I wish they’d taught me about credit scores. How much it would affect things in life.

The credit card market is awash with various deals; many easy to apply for and even easier to use. However, managing credit is a delicate balance; let your spending get out of control and you could face big money troubles. On the other hand, it’s also important to spend enough to improve your credit score. Your score is a lender’s estimate of how good a borrower you’ll be and can have a big influence when it comes to borrowing money. 

More and more millennials are making progress in raising their credit scores. But qualifying for affordable borrowing rates is still a tough challenge. Without a good rating, many are facing financial barriers in progressing with life goals.

Here are some ways consumers can keep their finances and credit score in a healthy state, as well as a breakdown of the ins and out of credit scores:

 How a credit score is worked out – Every time you apply for a credit-related product like a loan or a mortgage, you are assessed on your credit score. Your credit score can vary between providers and companies, so what you do have, is a credit history. This can then be interpreted by all lenders and rating agencies however they see fit.
Your credit history is a record of all that you’ve borrowed, so it’s important to make sure that it’s accurate before applying for credit-related products. Errors can lead to rejection and will be visible to all providers, causing your credit history to take a hit. 

 Providers expect you to have proof of previous repayments, so any history of borrowing is crucial to present. Before applying to certain loans such as a mortgage, you may need to build a little bit of credit history before you apply. This is where balancing your spending and planning for future costs can help.  Treat your credit card usage as you would a budget for your own money, bearing in mind that it can be easier to pay off smaller amounts than large – credit cards aren’t income replacements. However, you can use your card fairly regularly, especially if making the repayments, as this will help boost your overall score.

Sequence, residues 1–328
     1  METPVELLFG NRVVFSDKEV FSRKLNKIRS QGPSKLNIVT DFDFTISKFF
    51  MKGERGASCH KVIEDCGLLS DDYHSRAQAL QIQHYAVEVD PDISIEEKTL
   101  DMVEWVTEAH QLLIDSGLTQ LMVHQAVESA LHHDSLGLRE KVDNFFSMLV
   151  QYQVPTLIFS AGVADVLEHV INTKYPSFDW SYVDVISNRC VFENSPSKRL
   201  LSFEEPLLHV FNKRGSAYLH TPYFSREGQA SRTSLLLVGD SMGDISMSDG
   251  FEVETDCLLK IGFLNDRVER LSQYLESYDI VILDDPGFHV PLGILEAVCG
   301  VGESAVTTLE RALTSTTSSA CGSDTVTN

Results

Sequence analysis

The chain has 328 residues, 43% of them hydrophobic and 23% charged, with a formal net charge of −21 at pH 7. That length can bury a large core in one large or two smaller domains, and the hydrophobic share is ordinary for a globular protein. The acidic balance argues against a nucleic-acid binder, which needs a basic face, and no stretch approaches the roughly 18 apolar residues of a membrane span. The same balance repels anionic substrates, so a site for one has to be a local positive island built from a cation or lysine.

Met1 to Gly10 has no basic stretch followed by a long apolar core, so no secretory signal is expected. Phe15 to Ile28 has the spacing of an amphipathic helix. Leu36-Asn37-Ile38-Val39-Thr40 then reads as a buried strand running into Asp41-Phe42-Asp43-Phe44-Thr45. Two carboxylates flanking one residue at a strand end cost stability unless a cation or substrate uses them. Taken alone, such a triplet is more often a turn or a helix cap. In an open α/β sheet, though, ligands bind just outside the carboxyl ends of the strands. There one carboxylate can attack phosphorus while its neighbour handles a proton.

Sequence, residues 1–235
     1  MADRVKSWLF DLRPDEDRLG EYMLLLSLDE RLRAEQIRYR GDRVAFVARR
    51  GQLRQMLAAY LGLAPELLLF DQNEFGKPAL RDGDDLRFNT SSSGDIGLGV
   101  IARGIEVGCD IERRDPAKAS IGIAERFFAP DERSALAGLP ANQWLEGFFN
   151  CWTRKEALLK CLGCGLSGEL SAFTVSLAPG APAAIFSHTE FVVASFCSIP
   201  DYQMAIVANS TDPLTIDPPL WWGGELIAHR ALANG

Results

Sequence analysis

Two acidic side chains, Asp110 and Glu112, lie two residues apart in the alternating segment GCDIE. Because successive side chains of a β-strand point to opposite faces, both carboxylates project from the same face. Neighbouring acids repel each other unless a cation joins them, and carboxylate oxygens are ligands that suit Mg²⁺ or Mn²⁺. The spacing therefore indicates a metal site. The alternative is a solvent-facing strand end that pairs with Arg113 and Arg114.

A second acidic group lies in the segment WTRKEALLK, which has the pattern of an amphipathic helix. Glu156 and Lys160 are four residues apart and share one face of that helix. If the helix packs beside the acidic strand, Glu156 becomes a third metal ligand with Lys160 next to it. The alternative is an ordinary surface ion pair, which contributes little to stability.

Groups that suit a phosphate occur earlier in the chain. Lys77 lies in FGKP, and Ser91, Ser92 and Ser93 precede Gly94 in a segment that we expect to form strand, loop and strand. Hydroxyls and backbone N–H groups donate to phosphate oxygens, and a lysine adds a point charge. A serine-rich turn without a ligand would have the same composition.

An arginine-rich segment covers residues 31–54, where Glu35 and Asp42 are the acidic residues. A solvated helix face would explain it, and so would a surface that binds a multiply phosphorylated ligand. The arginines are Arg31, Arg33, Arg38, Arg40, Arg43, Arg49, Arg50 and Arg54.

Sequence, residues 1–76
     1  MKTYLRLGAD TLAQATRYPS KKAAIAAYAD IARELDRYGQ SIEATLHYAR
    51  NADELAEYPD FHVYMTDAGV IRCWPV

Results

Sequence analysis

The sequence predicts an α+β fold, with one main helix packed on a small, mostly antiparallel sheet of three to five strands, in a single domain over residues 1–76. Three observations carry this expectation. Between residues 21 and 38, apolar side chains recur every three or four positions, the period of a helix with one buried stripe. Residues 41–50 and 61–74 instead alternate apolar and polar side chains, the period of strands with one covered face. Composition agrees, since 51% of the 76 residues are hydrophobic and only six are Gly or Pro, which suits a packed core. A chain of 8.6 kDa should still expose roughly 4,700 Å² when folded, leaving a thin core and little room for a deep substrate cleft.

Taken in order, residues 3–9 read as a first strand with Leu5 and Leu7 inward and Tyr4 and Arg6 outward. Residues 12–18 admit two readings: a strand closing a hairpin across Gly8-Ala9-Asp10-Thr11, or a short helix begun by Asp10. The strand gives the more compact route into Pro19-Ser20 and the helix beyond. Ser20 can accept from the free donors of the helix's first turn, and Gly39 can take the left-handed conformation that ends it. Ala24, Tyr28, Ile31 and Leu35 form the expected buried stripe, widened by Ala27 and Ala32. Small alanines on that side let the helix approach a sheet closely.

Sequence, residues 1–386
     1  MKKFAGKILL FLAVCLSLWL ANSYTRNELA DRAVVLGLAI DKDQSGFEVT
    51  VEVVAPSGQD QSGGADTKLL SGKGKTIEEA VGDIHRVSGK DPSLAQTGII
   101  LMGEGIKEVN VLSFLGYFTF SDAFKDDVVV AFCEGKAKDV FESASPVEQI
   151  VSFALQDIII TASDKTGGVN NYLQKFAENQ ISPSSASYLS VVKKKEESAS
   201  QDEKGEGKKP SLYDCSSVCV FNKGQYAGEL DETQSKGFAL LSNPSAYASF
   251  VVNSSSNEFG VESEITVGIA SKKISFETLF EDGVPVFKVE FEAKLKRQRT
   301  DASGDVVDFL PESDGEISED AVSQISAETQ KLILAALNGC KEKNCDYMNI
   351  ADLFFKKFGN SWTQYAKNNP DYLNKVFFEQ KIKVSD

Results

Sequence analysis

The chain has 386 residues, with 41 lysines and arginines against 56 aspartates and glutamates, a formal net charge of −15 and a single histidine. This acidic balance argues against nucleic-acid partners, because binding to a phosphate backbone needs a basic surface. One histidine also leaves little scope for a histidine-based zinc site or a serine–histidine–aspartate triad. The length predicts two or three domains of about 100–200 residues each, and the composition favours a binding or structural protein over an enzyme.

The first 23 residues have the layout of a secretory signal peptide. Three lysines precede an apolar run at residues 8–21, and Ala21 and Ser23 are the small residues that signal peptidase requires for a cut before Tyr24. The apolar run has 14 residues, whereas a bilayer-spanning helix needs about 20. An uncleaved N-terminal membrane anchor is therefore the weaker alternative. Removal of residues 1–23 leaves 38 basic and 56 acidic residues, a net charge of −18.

Things that count against a score – Many things can affect your score.  They vary from a poor history of repayments to too much debt.  Also, if you’ve applied too many times for a credit card or a mortgage, this can ring alarm bells. The lender will investigate why you’ve been rejected previously.

Little things like switching energy providers could also have an impact. Although it seems like good money management by switching, every time you do the electricity and gas companies carry out a hard credit check. Every hard check is a potential mark against your name. Reduce the amount of time you switch, and you could save yourself credit rejection in the future.

How to make your credit score better:
There are many simple ways to improve your score.  These include:

  • Make payments on time
    As previously suggested, payment history plays a large part in your credit score.  One missed bill can have an impact, and unpaid balances can be subject to late payment fees and further financial penalties.
  • Maintain a low credit use ratio
    After payment history, your credit utilisation ratio is a big contributor to your credit score.  This is the proportion of how much credit you have available, to how much you are using.  Following the credit rule of never using more than 30% of your credit limit, could be a good way of maintaining your score.
  • Spend with your budget in mind
    A credit card is painless to use and often rewards regular spenders with benefits.  Having one can influence all your spending habits, but this can often lead to uncontrolled spending that leads to a mountain of interest-incurring debt.  To avoid digging yourself into debt, use a credit card with a firm budget in mind.